"It does not do well to dwell on things that upset us. Dwelling can make things fester. It is better to bury dark thoughts."
Ollie and Moritz are best friends, but they can never meet. Ollie is allergic to electricity. Contact with it causes debilitating seizures. Moritz’s weak heart is kept pumping by an electronic pacemaker. If they ever did meet, Ollie would seize. But Moritz would die without his pacemaker. Both hermits from society, the boys develop a fierce bond through letters that become a lifeline during dark times—as Ollie loses his only friend, Liz, to the normalcy of high school and Moritz deals with a bully set on destroying him.
A story of impossible friendship and hope under strange circumstances, this debut is powerful, dark and humorous in equal measure. These extraordinary voices bring readers into the hearts and minds of two special boys who, like many teens, are just waiting for their moment to shine.
I was given an ARC through Netgalley.
- The letter format. The whole story is told to us through letters, in alternating point of view. The letters not only show what's happening with the boys at that moment, but give an insight to their pasts as well. It has always impressed me when an author could jump between past and present effortlessly, without confusing the reader, and Leah Thomas definitely can. I'll be on the lookout for any future works of her.
- The distinct voices of the two narrators. I find that in many books with dual point of view the characters sound very similar, more so if they are of the same gender. However, in Because You'll Never Meet Me Ollie and Moritz sounded completely different from each other.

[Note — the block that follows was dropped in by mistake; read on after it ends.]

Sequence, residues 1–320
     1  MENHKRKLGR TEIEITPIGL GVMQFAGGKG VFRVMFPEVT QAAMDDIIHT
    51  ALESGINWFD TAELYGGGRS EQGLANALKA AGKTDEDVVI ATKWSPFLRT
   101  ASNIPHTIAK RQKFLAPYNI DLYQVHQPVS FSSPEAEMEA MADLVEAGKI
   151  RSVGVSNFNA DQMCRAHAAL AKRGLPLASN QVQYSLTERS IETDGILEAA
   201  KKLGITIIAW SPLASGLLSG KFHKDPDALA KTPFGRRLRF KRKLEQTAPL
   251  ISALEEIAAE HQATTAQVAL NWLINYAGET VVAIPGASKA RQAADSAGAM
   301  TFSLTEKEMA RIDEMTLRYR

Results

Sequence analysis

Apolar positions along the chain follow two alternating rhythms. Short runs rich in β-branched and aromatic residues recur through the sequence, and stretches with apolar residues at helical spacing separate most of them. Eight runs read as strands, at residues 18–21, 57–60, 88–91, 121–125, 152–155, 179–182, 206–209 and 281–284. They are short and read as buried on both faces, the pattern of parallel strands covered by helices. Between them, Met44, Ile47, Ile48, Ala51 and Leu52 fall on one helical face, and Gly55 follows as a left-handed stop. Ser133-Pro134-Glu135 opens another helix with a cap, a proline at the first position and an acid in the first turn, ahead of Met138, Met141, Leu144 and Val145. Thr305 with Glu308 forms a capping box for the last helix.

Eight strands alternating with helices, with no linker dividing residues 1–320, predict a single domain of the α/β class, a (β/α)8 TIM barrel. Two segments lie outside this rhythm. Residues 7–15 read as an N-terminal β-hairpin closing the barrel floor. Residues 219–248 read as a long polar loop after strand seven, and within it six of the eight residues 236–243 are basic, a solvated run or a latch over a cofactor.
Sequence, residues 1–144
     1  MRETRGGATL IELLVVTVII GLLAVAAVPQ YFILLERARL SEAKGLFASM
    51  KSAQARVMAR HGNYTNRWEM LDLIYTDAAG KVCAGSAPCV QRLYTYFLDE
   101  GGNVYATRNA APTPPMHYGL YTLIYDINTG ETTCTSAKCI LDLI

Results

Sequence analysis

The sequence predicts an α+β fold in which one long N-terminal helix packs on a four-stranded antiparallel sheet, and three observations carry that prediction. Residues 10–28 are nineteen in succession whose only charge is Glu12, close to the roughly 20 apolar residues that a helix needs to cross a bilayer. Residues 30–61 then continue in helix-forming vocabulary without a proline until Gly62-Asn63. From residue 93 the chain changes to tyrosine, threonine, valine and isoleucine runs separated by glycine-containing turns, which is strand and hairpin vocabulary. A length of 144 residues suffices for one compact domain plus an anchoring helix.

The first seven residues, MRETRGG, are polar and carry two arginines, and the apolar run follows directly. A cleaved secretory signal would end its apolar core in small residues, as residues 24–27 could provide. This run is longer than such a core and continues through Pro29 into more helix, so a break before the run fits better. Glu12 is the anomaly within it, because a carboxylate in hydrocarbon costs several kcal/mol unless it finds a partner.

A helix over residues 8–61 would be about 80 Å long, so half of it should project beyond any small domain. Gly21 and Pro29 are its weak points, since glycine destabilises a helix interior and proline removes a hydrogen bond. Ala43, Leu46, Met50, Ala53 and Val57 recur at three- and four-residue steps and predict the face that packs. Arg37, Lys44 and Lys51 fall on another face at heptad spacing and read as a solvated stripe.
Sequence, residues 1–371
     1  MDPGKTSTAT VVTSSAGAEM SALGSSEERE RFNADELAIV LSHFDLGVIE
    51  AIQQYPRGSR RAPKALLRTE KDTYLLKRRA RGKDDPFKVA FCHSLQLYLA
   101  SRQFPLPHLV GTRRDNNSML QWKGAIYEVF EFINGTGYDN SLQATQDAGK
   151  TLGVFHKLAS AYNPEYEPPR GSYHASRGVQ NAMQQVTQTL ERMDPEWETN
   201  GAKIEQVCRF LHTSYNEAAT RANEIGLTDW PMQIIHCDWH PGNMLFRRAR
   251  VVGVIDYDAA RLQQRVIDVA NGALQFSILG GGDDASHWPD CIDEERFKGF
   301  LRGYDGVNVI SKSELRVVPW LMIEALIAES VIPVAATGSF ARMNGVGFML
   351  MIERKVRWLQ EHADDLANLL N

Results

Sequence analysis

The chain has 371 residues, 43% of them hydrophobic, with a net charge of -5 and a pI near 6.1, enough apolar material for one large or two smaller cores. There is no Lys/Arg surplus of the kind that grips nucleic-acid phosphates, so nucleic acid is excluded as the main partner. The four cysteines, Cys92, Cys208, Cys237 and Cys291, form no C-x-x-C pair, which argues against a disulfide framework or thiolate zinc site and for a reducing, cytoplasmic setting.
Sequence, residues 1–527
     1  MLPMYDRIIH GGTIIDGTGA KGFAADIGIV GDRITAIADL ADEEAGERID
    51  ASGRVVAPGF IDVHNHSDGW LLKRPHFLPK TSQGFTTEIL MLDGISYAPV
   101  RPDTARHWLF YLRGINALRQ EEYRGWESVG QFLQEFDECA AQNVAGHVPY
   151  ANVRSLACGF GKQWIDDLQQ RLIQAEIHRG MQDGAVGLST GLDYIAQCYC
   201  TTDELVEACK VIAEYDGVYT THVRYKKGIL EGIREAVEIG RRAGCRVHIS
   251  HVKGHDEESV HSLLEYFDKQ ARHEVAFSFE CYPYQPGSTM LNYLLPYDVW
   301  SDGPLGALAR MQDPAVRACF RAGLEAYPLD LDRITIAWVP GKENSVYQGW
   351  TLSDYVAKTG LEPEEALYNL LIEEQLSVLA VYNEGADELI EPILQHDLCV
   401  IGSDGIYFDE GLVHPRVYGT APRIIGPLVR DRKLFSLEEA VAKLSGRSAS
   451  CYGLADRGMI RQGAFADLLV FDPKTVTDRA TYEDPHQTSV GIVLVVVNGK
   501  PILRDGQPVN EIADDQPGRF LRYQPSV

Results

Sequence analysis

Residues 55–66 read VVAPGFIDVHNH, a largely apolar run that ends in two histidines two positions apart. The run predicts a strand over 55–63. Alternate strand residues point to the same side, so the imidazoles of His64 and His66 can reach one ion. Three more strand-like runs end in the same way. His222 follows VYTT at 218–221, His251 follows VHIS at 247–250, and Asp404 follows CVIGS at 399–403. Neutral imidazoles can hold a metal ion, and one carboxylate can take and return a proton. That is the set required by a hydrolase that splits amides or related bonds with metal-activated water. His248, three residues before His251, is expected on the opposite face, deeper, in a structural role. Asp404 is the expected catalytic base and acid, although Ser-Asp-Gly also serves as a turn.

- The friendship. It was so beautiful and left me as an emotional mess. These two boys started off without any knowledge of the other but by the end they were closer than they've ever been to anyone else, even though they've never met in person. They didn't make a competition out of whose life was harder, instead they felt for each other and tried to cheer one another up when it was needed. I got all teary eyed when I felt just how much they cared for each other and how badly they wanted to help the other and meet in real life. I'm getting all emotional just thinking about it.
"I think this is the first time you did not needle me about the lab. This, more than anything, tells me how unhappy you must be."
- The touch of romance. I loved that the romance was barely there, it was just enough to spice up the story but the focus strictly remained on the friendship.
- Ollie and Moritz. Both of these boys were complex characters and just so lovable. Their voices were real and their stories were touching. I wanted to reach into the book and give them both a huge hug. They really deserved it.
- The character development. I think Ollie was the one who learnt the most about himself. Partly, he could be thankful for that to Moritz, but Liz helped him as well. As soon as he realized his mistakes he immediately started to work on changing. Instead of moping and pretending, he opened up his eyes, and saw what was right in front of him all this time. Moritz, on the other hand, learnt that by shutting out everyone, including his father, he was only hurting himself. He learnt to be more open towards people and realized that not everyone's as horrible as he thought.
- The supporting characters. It's rare when I feel like all characters get the spotlight they deserve but in Because You'll Never Meet Me, that's exactly what happened. We had the chance to read just as much information about them as we needed for the sake of the story, yet they didn't take away the spotlight from Ollie and Moritz.
- The ending. I think nearly all characters got a rather hopeful ending, instead of a cheesy one.
The story idea: 5/5
The realization of the story: 4/5
The characters: 5/5
The cover: 4.5/5
Enjoy factor: 5/5